Hundreds of miles from urban centers like Memphis, Atlanta, and New Orleans, the five counties served by the Community Foundation of East Mississippi are a textbook definition of “rural.” Cotton was king here years ago, but ever since it left—along with a good deal of the manufacturing industry—many of our region’s 157,000 residents have been trapped in what some experts refer to as “cycles of dependency.” That is why we have been asking our local elected officials to support the Rural Philanthropy Growth Act (RPGA). It’s also why I am attending the Center for Community Foundation Excellence’s (CCFE) Public Policy for Community Foundations seminar this week in Jackson, Miss.
A few years ago, a Guatemalan organization called the Women’s Association for the Development of Sacatepéquez (AFEDES), an International Development Exchange (IDEX) grant partner since 2005, discovered something troubling: Its programs were not making much of an impact.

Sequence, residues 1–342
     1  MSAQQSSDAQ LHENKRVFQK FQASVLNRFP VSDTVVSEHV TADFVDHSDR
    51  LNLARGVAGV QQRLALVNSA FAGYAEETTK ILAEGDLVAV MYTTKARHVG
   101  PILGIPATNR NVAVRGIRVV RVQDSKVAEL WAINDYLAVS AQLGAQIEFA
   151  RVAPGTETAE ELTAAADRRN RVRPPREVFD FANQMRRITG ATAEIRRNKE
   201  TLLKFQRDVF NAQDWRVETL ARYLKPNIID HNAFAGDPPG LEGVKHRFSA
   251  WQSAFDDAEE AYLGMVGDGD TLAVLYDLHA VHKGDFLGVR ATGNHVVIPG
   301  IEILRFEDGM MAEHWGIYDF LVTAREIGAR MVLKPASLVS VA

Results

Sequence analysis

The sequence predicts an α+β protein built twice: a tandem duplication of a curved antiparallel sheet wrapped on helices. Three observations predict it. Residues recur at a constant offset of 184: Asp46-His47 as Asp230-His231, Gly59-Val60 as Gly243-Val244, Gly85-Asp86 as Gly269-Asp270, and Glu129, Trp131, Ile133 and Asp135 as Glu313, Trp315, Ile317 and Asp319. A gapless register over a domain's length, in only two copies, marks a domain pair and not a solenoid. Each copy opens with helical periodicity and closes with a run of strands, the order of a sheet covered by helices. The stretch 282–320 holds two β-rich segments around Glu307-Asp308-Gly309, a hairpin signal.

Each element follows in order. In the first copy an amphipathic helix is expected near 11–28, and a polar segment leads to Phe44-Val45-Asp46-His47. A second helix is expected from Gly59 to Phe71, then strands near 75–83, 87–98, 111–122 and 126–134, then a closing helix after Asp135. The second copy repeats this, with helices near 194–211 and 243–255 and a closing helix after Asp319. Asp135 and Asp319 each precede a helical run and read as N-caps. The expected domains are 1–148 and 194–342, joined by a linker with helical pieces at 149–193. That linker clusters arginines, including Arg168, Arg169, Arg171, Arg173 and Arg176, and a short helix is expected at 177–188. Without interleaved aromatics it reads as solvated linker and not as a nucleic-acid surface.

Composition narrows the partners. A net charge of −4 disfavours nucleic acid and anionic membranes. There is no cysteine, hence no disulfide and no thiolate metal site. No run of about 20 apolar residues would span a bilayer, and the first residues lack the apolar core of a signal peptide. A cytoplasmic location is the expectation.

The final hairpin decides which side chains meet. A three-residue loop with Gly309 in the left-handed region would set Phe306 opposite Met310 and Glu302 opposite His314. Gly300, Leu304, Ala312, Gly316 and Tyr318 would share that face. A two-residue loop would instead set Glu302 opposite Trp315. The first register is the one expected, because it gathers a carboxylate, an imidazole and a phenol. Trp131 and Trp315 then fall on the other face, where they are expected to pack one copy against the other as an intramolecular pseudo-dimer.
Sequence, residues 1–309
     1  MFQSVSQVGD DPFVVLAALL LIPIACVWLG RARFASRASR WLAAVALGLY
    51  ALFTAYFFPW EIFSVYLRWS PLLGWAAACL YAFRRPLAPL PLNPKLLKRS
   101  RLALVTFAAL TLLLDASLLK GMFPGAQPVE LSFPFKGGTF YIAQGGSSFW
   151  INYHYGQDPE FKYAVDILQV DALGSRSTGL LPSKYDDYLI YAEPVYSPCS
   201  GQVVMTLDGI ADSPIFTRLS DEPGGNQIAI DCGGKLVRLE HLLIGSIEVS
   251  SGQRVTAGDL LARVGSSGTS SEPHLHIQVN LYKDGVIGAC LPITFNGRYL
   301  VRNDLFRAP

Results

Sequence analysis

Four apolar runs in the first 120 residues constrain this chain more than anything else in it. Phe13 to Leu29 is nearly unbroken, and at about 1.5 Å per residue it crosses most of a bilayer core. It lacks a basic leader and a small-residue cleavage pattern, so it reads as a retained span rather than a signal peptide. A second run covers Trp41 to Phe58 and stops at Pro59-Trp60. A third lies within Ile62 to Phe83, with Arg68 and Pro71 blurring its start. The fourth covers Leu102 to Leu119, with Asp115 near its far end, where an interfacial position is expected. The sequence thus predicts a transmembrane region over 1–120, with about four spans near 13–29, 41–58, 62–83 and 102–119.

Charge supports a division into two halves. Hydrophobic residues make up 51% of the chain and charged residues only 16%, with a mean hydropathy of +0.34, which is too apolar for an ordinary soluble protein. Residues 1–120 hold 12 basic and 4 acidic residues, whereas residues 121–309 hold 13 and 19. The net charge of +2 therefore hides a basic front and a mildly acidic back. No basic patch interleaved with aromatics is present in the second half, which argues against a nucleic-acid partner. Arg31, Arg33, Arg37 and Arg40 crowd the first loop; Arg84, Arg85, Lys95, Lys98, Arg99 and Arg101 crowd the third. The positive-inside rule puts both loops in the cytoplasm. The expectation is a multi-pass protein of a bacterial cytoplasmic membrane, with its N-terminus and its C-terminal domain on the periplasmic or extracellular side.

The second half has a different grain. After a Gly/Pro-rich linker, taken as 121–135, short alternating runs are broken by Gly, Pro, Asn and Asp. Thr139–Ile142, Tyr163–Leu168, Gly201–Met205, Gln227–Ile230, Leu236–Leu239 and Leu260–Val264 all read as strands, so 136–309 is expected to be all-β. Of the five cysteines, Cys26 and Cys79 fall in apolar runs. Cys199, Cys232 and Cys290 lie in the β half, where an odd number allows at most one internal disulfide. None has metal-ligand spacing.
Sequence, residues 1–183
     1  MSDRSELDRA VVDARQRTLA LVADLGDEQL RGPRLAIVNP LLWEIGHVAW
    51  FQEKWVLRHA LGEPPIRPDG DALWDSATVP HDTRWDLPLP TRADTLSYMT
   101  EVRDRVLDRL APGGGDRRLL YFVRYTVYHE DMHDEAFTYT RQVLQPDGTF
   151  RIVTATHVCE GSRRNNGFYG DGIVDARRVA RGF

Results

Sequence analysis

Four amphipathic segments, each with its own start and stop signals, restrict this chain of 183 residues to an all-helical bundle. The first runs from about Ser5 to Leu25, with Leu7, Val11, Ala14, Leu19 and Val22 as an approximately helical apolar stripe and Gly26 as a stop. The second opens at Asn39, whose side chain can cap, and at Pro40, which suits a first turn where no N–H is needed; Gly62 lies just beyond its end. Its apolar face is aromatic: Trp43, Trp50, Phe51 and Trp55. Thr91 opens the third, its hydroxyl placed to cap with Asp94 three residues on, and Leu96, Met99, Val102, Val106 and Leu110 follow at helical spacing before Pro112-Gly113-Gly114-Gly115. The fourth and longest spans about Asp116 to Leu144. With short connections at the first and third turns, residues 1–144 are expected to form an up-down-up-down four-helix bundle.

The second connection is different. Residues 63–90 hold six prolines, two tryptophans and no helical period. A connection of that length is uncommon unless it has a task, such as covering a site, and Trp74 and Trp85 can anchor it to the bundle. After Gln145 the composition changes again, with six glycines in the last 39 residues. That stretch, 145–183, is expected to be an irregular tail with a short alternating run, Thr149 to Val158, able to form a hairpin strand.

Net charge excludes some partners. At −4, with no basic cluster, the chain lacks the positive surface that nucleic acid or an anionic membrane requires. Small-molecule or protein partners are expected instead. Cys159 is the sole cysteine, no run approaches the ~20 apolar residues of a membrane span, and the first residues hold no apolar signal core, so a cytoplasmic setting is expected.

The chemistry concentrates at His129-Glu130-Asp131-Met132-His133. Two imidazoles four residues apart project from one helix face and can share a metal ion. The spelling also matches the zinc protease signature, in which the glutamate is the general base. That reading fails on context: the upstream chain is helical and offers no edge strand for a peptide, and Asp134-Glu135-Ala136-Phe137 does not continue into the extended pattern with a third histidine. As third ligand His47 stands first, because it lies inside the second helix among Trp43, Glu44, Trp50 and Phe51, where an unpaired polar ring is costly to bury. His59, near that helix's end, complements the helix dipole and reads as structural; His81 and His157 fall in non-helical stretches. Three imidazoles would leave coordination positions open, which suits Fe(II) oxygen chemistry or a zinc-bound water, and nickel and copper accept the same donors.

On Thursday, the Council held its fourth monthly Twitter Chat - or #PhilChat - in partnership with the Chronicle of Philanthropy to pose the question: Is Philanthropy Succeeding in Rural America? With more than 30 active participants and 300 tweets, it proved to be one of most successful #PhilChats to date. Not just quantitatively, but in the number of important takeaways for the sector.